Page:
Visit wineries clustered together, such as the ones in Niagara-on-the-Lake area. Visit no more than three to five a day: two in the morning, one for lunch and one or two in the afternoon. That leaves you time to taste and talk. (I know, I crammed in more visits, but a drink writer in wine country is like those stunt drivers in car commercials—you’re not really supposed to do those tricks in real life.) Go to both small and large places to get a sense of the range of wines produced.
2. Designate a driver
If you refuse to spit, you need to pick a designated driver who won’t imbibe (or inhale). And you need to know when to quit: Ontario law states that wineries can only serve a maximum of four one-ounce samples per person.
3. Take a cooler
Pack a picnic lunch in a cooler, and then you’ll have a place to store the wines that you buy, so they don’t cook in the trunk. But most wineries will ship anywhere in the province, and many across the country—so think twice before lugging those bottles around: a case of 12 weighs 37 pounds. If you do buy a bottle, get one that’s only available at the winery—and ask the vintner to sign it.
4. Drive a comfy car
A car with reclining seats and clouded glass is ideal for those between-winery naps in parking lots. Even better, rent a stretch limo.
5. Avoid strong smells
Perfume, cologne and aftershave all interfere with the wine aromas, so skip them when you’re going to taste.
6. Wear dark clothing
Even if you’re an expert spitter, the person (or wine writer) next to you might not be. Avoid t-shirts that read “Gonna drink myself stupid!”
7. Call ahead
If your favourite winery isn’t open to the public, call to ask if you can drop by anyway. Many will welcome fans by appointment.
8. Go early
Tasting rooms are much less crowded in the mornings before lunch, and less packed on weekdays than weekends. And even though cabernet at 10 a.m. may not sound appealing, your palate is at its best in the morning.
9. Avoid tour buses
If you see a bus in the winery parking lot, come back later. (Also avoid people in polyester suits wearing stickers that say “Hi! My name is…”)
Spitting out your wine—expectorating—is just something you need to do. And don’t feel guilty about dumping what’s left of your tasting sample in the spit bucket too.
(But avoid rinsing your glass in it, or even worse, drinking from as they did in the movie Sideways.)
11. Taste and savour
Tasting several wines is not only fun, it’s instructive: you can compare different styles when you try them side by side. (Of course, you can do this at home, but it’s expensive to open four or more bottles at once.)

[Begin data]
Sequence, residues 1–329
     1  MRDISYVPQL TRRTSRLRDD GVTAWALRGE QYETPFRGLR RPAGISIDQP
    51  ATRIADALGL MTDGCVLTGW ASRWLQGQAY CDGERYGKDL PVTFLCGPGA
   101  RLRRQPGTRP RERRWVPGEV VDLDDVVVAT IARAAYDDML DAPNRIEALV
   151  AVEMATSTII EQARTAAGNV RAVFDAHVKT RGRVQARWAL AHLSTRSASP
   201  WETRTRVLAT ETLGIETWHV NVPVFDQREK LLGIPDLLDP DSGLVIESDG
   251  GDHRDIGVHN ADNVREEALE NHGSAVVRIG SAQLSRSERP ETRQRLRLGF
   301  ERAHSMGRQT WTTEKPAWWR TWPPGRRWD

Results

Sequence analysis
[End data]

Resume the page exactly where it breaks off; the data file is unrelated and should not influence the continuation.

12. Start with light and dry
Begin with light, dry sparkling and white wines then the lighter, dry reds. Progress to whites and reds that are more full-bodied and oaked. Finally, try sweet wines, starting with moderately sweet (late harvest) and progressing to sweeter still, such as icewine, sauternes, port. Why? You want each wine to create it’s own impression on your palate and not be overwhelmed by the last wine.
Try wines you’ve never tasted before, widen your range, surprise yourself. Ask the tasting room staff which wine the vintner is best known for.
14. Take a notebook
It doesn’t make you a wine nerd to want to remember the wines you’ve tasted.
15. Ask questions
Unless they’re swamped with visitors, most tasting room personnel love to chat about their wines and the region. Start by asking how their wine differs from that of nearby wineries, and which dishes it would go well with.
Be sure to have breakfast before you go, and take a snack for on the road—food helps to absorb the alcohol. Eating bland crackers between sips will also keep your palate from getting overloaded. Avoid eating garlic and spicy food at lunch; wait until the tasting is over. Dine at winery restaurants for a great food and wine pairing experience.
17. Drink water
One effect of even just tasting alcohol is that you get dehydrated. Pack several bottles of water in the car, and take a swig often.
18. Take the kids
Most wineries are set in beautiful country locations where children can play outdoors. And even if the kids aren’t drinking for a few more years, they can still be fascinated by these grape farms, and the process of making wine. Just keep them away from any breakables in the tasting room, and from the farm equipment outside.
19. Ask to be added to the mailing list
Some wineries produce such small quantities of wine that you need to be part of their loyal customer base to buy any. A visit to the winery is a great time to express your interest. (But avoid the approach of taking out a thick wad of bills, fanning under the owner’s nose and asking, “Whaddaya got that’s good and pricey?”)
20. Get your bottle signed
If the winemaker is available, ask him or her to sign a bottle (that you buy). Don’t try this at harvest time. Signed bottles are great gifts and make for special memories when you open them.